Since the kind of infrastructure necessary to serve a nation-wide pure-electric fleet of cars, a compromise between electric and gasoline cars was necessary. This concept was developed by Toyota to take advantage of the greater efficiency of electric motors and the wide availability and familiarity of gasoline powered cars. Toyota released a purpose-built car, the Prius, as a testbed vehicle for both engineering processes and sales. The Prius sold exceedingly well, quickly outstripping the manufactured supplies.

However, the Prius was widely considered a niche vehicle. As a new model, it had many problems that needed to be worked out. Additionally, the Prius has a unique and unusual aesthetic that did not appeal universally. The real goal was to adapt an already successful model to use the hybrid technology.

 

The Camry

The Camry, as an established and popular model, was selected for this conversion process. The current 2007 Camry is a seventh generation model, having undergone decades of modification and upgrades which resulted in a very efficient, very long lasting vehicle. Camrys typically last for hundreds of thousands of miles and previously owned Toyota Camrys have consistently had high resale values. These traits made the Camry ideal for conversion to gas-electric hybrid status.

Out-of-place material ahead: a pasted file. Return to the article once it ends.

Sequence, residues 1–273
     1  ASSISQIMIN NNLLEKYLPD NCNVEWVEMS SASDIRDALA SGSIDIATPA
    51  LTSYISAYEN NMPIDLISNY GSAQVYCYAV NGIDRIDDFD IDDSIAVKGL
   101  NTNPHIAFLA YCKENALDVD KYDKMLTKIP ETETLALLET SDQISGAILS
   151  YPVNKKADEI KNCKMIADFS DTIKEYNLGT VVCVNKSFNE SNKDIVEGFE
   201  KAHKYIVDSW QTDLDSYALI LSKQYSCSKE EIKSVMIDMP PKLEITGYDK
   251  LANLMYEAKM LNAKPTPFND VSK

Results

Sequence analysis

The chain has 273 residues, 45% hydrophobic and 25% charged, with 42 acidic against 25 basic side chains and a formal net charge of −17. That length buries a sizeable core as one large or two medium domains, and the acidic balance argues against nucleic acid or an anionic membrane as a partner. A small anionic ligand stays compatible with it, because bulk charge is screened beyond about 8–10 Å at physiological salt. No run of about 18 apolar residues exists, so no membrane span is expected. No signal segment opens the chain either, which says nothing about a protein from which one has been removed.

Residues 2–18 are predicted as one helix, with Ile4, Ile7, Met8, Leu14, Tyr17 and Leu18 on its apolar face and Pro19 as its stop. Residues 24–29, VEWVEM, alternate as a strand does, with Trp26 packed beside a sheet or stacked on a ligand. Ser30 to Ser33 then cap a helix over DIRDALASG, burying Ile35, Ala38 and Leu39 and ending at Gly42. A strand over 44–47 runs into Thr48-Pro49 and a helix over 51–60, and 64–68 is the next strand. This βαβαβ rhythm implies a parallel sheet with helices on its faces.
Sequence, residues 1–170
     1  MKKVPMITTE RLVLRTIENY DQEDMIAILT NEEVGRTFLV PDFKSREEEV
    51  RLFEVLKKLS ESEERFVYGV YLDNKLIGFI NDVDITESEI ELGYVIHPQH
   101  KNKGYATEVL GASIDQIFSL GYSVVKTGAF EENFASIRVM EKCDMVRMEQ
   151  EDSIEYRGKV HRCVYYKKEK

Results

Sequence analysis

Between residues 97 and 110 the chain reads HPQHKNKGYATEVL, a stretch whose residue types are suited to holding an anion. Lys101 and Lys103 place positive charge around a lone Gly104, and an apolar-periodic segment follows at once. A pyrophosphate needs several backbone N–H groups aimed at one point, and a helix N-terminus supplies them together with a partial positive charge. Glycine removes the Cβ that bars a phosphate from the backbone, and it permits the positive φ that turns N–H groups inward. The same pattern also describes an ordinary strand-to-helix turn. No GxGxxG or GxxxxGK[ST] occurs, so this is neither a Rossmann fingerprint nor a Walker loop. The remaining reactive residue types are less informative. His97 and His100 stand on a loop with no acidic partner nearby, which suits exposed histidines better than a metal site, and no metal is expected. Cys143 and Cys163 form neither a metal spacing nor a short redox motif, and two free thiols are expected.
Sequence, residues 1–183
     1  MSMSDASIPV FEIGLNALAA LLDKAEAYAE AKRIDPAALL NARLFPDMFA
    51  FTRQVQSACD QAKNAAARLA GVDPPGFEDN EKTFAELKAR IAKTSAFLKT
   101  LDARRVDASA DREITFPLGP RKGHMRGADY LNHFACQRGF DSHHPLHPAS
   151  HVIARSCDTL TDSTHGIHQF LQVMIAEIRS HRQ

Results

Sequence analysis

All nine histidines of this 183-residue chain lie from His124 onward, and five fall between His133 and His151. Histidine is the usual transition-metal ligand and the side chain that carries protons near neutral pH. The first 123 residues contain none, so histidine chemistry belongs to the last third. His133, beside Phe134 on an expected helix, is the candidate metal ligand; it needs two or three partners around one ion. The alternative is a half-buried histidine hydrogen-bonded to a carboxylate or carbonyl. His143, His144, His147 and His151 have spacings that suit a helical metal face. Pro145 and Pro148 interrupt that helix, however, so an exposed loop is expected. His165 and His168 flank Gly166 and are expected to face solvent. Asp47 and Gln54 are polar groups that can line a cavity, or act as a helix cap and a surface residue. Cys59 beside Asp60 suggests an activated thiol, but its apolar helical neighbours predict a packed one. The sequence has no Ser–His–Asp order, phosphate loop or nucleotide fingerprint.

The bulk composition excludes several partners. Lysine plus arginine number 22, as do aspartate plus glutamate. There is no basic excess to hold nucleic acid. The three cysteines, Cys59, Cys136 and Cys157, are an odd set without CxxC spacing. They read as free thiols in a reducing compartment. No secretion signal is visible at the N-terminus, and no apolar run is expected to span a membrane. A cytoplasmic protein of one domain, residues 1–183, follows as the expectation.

The conversion process was relatively simple, especially since Toyota was the company that had developed the Prius. A smaller gasoline engine replaced the Camry's 4- or 6-cylinder engine and a 650 Volt electric engine was added. Power generated by the gasoline engine can either be used to charge the battery for electric driving or routed directly to the wheels to move the car. When working in tandem, the electric and gasoline motors combine to produce 187 horsepower, which exceeds the power from the traditional 4-cylinder Camry.